This is not an article about how to podcast, choose a microphone or set your audio levels.
This is about the real world of organizational podcasting, answering the most common questions asked by clients and other communicators.
Here they are, in no particular order:
Do I have a voice for podcasting?
The short answer is: Yes. You do not need a “radio” voice to be a podcaster. You do not need an NPR-style delivery. In fact, a slick tone may turn off listeners. Unless you have a serious speech impediment, your voice is totally fine for podcasting. Besides, there is a lot more to podcasting than a warm vocal tone and crystal-clear diction.
Can you research interesting topics? Can you do a good job interviewing people? Can you structure a compelling story? Can you engage your listeners?
Certainly, you can capitalize on your natural abilities by learning how to use your microphone properly and, if necessary, modulate your voice.
What’s the ideal length for a podcast?
This is by far the most popular question I hear from people who want to start a podcast. If you force me to answer this question, I’d say “20–22 minutes,” but honestly, I listen to podcasts that are much longer because I enjoy the content. So, it depends.
Remember that people can stop and start the episode in their podcast player, so length should not truly be an issue. If the content is well produced and meets the audience’s needs, people will listen. If it sounds awful and is poorly organized, no one is going to waste two minutes on it. When you create audio content, you must know what your audience is looking for. Then, fill that need.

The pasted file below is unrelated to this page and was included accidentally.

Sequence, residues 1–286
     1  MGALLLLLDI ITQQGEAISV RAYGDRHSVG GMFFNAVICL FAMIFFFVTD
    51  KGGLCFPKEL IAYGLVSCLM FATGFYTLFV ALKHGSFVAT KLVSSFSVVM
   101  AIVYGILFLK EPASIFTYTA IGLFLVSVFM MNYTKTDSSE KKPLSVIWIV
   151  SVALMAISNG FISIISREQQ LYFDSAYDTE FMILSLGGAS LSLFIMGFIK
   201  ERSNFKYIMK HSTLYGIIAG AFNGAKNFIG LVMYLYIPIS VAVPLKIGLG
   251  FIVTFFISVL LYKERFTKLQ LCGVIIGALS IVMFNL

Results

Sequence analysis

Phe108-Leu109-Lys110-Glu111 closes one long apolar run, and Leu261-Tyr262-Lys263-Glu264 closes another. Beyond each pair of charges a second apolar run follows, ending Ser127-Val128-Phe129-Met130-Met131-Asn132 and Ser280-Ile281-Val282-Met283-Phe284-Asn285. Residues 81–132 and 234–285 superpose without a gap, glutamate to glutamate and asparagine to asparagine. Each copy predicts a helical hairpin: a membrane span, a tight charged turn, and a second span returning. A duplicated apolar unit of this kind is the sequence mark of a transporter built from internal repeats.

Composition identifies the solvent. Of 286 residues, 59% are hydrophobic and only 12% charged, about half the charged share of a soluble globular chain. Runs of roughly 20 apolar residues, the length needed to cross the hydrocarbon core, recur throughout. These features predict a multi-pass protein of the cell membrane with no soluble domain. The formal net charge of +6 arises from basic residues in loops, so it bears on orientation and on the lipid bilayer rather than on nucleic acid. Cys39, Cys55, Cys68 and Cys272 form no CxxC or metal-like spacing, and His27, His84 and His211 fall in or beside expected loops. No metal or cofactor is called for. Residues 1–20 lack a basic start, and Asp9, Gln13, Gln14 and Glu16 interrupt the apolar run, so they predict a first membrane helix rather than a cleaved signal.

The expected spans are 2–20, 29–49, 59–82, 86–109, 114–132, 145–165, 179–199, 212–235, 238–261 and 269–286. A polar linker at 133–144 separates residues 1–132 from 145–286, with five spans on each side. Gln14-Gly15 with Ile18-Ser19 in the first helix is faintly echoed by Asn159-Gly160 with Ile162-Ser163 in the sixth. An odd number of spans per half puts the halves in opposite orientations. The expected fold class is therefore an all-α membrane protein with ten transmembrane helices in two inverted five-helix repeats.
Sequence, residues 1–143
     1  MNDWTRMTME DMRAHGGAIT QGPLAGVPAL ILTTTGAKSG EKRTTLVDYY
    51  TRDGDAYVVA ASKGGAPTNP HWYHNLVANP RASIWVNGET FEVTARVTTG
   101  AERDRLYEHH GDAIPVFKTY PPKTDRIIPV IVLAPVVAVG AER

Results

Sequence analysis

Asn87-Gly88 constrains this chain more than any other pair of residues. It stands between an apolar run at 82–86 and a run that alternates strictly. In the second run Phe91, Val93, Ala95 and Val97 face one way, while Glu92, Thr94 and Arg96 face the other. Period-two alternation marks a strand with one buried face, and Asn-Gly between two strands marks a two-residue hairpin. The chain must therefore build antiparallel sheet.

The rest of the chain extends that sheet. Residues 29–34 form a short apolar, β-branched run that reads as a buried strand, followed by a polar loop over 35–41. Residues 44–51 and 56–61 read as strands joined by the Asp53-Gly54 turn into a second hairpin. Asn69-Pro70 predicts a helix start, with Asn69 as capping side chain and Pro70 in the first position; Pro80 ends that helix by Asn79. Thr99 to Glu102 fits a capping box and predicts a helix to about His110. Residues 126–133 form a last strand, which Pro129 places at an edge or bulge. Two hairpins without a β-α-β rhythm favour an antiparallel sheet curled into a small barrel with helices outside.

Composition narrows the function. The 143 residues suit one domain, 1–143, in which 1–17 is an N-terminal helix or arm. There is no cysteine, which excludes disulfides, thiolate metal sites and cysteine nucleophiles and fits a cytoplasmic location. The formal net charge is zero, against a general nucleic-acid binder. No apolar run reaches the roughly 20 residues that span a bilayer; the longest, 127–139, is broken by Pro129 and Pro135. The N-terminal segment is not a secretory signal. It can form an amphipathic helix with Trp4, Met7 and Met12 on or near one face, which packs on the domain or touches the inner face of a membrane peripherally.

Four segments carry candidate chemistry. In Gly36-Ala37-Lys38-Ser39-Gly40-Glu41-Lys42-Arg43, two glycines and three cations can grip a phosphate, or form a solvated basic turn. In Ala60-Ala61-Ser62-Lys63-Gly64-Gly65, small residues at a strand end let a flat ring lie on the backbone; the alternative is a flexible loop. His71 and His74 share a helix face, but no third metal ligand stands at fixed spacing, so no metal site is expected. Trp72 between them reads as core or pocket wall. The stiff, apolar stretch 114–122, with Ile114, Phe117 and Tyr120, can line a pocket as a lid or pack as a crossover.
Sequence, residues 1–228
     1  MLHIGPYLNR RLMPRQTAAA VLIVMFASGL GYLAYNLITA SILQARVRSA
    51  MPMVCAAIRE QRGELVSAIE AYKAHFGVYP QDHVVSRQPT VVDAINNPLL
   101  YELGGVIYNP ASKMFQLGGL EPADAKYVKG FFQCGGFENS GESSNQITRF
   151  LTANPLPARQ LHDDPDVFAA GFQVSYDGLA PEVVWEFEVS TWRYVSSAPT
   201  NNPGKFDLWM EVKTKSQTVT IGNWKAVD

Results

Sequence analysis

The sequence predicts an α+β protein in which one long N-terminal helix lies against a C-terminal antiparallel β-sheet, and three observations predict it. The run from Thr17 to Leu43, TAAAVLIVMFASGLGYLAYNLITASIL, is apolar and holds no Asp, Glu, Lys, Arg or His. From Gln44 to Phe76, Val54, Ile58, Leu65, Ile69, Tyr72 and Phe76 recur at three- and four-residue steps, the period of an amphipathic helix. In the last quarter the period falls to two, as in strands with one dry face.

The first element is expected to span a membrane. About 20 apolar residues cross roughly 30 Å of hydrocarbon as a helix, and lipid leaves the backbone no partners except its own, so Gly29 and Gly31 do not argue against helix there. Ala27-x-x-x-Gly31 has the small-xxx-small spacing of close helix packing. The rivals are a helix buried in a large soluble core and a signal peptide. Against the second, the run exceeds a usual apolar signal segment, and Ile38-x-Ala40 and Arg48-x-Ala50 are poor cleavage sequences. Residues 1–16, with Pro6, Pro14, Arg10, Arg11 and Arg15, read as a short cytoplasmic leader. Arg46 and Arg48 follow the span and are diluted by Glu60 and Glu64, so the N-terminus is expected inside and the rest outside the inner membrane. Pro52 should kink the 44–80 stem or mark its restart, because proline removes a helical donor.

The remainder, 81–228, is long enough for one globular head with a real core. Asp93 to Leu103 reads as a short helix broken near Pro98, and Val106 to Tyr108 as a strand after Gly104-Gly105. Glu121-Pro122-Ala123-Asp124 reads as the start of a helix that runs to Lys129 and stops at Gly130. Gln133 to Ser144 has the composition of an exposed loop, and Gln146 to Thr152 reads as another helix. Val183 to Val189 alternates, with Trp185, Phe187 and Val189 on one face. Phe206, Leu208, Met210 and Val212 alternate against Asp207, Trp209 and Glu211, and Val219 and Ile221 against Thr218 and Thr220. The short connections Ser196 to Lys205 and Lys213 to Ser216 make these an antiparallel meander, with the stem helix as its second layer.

How frequently do I have to publish?
There is no magic number, although many successful shows publish on a weekly schedule. The key is consistency: Deliver what you promise your listeners. If you say you’re coming out with a new episode every Monday, stick to the schedule.
Can I use my favorite band’s music in my podcast?
No. Unless you possess a license, you can use only non-copyrighted music in your podcast. I suggest getting royalty-free music from a source like Shockwave Sound.
Do I have to write show notes?
Show notes are the text to accompany your podcast, usually published as a blog post. Should you bother? It takes time to write them, but I believe the benefits outweigh the trouble. Here’s why: When you write show notes about each podcast episode, Google and other search engines will add your content to their vast indexes.
If you are smart when you create the title of your podcast episode and the accompanying show notes, people will find your podcast when they do a search. I get dozens of hits a day when people look for something like “internal podcast best practices.” Until the day when specialized audio search tools are available, writing show notes is still worthwhile.
Show notes are useful for SEO and for your listeners, too. A glance at the notes tells them what the episode is about. If they’re really busy, they may skip ahead to a particular segment. In my own experience, show notes keep me subscribed to certain podcasts. Honestly, I don’t have time to listen to everything, so show notes help me prioritize my listening. If a show doesn’t have notes, I’m more likely to unsubscribe when I don’t have time to listen to several episodes in a row.
In addition, show notes are useful to listeners who may be in the car or on the treadmill enjoying your podcast. Once they’re back at their desks, they can check the show notes for the name of the book or website you’ve mentioned.
Some podcasters take the idea of show notes to the next level, publishing transcripts of their shows. Many of my clients like to order a transcript because it’s the first step towards repurposing and repackaging their audio content for other uses.